The corruption that shocked Askew and inspired the Sunshine Amendment was small potatoes by 21st century standards, and in their emeritus years, Plante and Askew were united in the belief that the influence of money in the political process was out of control and a real threat to democracy.

In her definitive obituary for the Tampa Bay Times, Lucy Morgan reports that before their final illnesses, Plante and Askew worked with like-minded members of Florida’s greatest political generation to try to craft a constitutional amendment to limit that influence.

“With the death of Askew a year ago and Plante’s illness, the effort foundered and died,” Morgan wrote.

One by one, they are leaving us, these smart and independent thinkers who could and did have differences of opinion and play them out in epic court battles and still be friends.

Their memory is for a blessing, and their work goes on.

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As Sunshine Week concludes, meet a young woman from the ‘Old School’

Editor Lenore Devore thinks reporters should look at the wheat to be found in public records, and not the chaff of press releases peddled by taxpayer-supported ministers of disinformation.

So when the Lakeland Police Department’s “public information officer” stonewalled a young police reporter looking to flesh out details of a shooting, Devore did what good editors do.  She refused to let her newsroom take “no” for an answer.

That was in the fall of 2012, when the community and its newspaper had high hopes for Lakeland’s new police chief, Lisa Womack.  But Womack quickly proved to be Lakeland’s worst enemy, and her own.

As The Ledger uncovered instances of the department falsely claiming that records did not exist or could not be found, Womack candidly, if stupidly, admitted she plays a “cat-and-mouse” game with the press regarding Florida’s 100-plus-year-old public records law.

The State Attorney asked the grand jury to take a look, and The Ledger took the unusual step of allowing Devore and five of her reporters to testify under oath and behind closed doors.

Journalists usually resist being “part of the story,” and for good reason.  A newspaper’s credibility rests upon the public’s belief that the newsroom is working for readers, and not for the powers that be.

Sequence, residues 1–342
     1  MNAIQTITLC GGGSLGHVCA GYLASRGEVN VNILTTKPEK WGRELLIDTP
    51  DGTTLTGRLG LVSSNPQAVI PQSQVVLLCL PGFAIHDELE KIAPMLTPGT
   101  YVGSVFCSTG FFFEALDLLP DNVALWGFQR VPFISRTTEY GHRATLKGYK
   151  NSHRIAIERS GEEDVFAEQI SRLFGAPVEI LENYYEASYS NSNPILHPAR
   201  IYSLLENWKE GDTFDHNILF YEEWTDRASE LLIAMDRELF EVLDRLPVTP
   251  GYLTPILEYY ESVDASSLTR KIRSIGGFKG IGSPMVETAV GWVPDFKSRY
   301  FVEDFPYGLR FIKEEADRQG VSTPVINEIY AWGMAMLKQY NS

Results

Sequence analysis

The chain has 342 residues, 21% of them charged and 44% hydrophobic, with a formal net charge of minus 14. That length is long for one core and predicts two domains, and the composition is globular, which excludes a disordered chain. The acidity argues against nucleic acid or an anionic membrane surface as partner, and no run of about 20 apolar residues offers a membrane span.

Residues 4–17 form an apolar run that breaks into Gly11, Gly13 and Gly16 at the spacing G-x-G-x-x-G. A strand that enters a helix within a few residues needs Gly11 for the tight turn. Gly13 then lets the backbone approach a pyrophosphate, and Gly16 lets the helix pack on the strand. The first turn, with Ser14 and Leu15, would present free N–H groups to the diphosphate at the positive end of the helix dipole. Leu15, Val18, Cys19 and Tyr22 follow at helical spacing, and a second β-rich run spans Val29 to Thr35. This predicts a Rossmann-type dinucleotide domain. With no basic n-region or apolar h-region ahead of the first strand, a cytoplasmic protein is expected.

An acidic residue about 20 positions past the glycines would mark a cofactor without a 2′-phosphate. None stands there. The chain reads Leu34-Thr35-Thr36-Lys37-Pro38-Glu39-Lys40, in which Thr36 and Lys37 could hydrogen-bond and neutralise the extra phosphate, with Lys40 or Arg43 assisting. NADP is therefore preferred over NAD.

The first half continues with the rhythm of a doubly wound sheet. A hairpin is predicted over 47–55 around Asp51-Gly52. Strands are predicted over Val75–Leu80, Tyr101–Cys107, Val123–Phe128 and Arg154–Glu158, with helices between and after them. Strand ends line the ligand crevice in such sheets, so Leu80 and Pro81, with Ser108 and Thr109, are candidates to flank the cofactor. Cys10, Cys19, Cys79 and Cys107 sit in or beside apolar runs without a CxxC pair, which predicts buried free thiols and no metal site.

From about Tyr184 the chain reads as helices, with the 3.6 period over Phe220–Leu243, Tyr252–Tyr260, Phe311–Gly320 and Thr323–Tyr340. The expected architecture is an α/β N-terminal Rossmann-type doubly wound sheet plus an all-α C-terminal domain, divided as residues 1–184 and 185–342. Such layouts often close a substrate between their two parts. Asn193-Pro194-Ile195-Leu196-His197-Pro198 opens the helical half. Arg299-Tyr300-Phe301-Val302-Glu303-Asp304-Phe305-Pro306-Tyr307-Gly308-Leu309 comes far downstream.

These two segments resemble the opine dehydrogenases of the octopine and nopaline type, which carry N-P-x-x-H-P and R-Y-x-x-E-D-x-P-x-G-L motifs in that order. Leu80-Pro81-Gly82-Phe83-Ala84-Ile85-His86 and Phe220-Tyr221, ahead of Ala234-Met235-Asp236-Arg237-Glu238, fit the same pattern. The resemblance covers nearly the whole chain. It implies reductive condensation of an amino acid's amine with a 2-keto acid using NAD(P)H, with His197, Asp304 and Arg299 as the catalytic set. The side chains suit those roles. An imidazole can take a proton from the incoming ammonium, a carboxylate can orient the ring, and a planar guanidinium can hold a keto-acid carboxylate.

But The Ledger didn’t report anything to the grand jury that it had not already reported to its readers.

The grand jury issued a scathing report, expressing doubt as to Womack’s fitness to serve as police chief given her hostility toward her legal duty to be candid with the press and public.  The report remained secret for 10 months, as the city fought to keep it secret.

Meanwhile, honest people who knew things and trusted their newspaper began to come out of the woodwork. The more The Ledger dug, the more “new sources provided information from right under the chief’s nose,” said Devore.

The Ledger’s front page was awash in stories of sex scandal cover-ups by higher-ups.  A police captain, a city human resources chief, and 28 others were fired or forced to resign. There were reports of frat-boy “bra searches” designed to frighten and humiliate.

One officer was arrested on charges of sexual battery and stalking.

Another officer admitted to requiring DUI suspects to sign forms he had not yet filled out.  The State Attorney was forced to drop dozens of that officer’s cases, and later concluded that “public safety is at risk in Lakeland.”

A year after The Ledger wrote its first story detailing problems with public records at the police department, the city lost its $220,000 fight to keep the grand jury report secret. A month later, the police chief resigned.

Lakeland’s credibility is in a mighty big hole, but the city fathers won’t stop digging. And neither will The Ledger, which recently reported that the city secretly hired a public relations firm and paid it $130,000 for fruitless and futile damage control.

You don’t have to live and pay taxes in Lakeland to appreciate this kind of dogged, persistent, meat-and-potatoes local reporting. Every community deserves an editor like Devore, but far too few communities have one.

Florence Beth Snyder is a Tallahassee-based lawyer and consultant.

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Spotted at Momo’s: Judge Terry Lewis’s launch party for his third crime novel, “Delusional”

Momo’s Pizza and Brew Pub looked more like a Bar convention Monday, as Terry Lewis, circuit court judge and mystery writer, presided over the launch party for his third crime novel, “Delusional.”

The popular pizzeria at Market Square was crowded with Lewis’ 2nd Circuit colleagues, as well as judges from the 1st District Court of Appeal and retired Supreme Court Justice Harry Lee Anstead; all stood in line to have their books autographed, and then held court with Lewis’ friends, family, and fans.

Lewis became a judge in 1989 and has been in the news often in connection with high profile cases that come before the trial courts in the capital city. His legal thrillers are published by Sarasota-based Pineapple Press, and “explore that ambiguous grey area that resides in the conflict between the law and morality.”

“Delusional” is available in bookstores and at terrylewisbooks.com.